"For this post I agree with your reasoning in the ideal world but I think the world we live in is not so simple. I believe everything we use eventually loses its value to us and that value needs to be re-estabilshed somehow. In many cases materials that have lost value to use may have value to other organisms, which regenerate their value to us. It is interesting to me that you think of a sponge as something that does not become garbage. For example, I wouldn't use a sponge for a year. Also the soap that we use to clean the sponge is not re-usable and I would consider it garbage. So in my mind every comparison always becomes "what is the lesser of two evils." In many cases I believe we agree, if the material cannot be easily utilized by other organisms for something useful then we have thrown a wrench in the works. From a garbage perspective I would be more frightened of a sponge and soap than paper. A sponge is non-biodegradable in most cases (many are made from plastic: http://www.greenlivingtips.com/articles/51/1/Kitchen-sponges.html). The soap has a number of negative effects in aquatic systems. Paper is easily broken down in the environment and can easily be composted. So it again is an issue of what question you ask"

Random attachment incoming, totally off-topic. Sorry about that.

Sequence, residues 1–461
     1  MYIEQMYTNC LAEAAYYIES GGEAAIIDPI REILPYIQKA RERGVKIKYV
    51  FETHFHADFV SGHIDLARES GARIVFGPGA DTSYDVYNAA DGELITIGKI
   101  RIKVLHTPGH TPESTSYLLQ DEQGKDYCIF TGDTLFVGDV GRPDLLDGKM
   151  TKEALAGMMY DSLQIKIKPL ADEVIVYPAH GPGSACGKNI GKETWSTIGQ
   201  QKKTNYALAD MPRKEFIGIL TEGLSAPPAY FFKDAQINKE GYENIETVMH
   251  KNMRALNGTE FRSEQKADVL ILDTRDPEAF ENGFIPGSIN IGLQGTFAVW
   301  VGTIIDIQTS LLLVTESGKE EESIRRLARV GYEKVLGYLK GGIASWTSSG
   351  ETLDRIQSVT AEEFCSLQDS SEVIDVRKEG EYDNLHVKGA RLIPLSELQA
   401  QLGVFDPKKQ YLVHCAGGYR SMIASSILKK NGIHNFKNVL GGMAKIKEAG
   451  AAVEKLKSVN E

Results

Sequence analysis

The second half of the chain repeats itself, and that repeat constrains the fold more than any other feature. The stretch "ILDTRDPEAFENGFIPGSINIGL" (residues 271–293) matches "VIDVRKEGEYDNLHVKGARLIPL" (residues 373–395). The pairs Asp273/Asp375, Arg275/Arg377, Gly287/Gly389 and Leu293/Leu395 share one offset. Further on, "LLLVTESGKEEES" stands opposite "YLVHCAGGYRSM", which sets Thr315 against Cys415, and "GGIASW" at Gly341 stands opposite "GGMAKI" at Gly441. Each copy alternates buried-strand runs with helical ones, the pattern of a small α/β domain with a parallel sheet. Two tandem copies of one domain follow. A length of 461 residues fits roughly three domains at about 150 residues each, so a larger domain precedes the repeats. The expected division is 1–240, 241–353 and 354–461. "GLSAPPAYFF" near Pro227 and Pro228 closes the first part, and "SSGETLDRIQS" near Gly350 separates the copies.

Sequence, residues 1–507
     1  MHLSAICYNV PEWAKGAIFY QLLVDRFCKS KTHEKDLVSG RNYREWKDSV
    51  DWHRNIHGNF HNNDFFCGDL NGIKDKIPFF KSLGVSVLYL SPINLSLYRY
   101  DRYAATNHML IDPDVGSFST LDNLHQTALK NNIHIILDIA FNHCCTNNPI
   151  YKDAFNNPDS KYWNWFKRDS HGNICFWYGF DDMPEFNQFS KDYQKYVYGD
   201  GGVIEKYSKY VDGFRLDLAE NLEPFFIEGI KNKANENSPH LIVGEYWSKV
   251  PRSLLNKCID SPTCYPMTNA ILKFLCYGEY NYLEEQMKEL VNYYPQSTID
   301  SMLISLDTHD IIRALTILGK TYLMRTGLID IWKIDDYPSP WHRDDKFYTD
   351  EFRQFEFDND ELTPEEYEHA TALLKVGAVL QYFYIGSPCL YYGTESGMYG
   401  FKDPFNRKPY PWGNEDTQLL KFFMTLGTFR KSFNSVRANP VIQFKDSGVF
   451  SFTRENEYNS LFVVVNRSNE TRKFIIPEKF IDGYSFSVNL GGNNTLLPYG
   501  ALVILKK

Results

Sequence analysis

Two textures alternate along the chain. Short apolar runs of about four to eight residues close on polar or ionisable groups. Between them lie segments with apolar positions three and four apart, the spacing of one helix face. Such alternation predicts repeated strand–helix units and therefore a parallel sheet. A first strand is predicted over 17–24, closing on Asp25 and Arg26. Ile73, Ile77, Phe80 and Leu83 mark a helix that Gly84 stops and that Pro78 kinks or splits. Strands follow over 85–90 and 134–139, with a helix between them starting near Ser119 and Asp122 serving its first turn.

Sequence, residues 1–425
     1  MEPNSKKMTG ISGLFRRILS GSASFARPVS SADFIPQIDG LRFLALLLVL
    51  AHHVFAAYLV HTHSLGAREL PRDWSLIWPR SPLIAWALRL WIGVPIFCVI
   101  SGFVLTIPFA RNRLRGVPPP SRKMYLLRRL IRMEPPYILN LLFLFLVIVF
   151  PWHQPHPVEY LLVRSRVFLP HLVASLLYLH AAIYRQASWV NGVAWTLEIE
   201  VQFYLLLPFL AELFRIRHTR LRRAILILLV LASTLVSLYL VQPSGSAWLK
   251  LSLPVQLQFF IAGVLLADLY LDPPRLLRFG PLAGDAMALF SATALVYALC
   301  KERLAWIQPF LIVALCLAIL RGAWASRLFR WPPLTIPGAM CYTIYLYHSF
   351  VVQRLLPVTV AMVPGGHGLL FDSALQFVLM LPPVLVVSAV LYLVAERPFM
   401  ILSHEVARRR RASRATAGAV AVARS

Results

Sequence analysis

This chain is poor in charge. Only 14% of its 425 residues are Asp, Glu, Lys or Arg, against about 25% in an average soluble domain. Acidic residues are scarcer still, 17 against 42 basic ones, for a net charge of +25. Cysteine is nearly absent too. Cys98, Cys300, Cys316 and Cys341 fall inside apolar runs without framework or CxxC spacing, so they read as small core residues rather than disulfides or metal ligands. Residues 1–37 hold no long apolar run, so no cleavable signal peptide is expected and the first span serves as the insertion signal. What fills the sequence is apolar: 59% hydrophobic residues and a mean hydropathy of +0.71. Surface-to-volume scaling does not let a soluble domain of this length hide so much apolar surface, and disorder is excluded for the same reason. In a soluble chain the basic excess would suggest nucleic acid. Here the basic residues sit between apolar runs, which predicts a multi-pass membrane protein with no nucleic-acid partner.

Matt singles out the issue of value as a determining factor in what is considered waste, and what isn't. It is the value of something that makes us re-use it. (Maybe this is part of what TerraCycle uses as its fundamental philosophy.) The generation of entropy is fundamentally a degradation of value - a loss of useful, organised materials to chaos, the degeneration of many forms of energy to heat. Minimising it tries to retain the inherent value of something for longer. But soap is a one-time use good. Its value is gone after water has been added to it, and the suds are on your skin. It is then washed away, and you never see that soap again. So it seems like I have not been accounting for an important item in my waste budget - soap.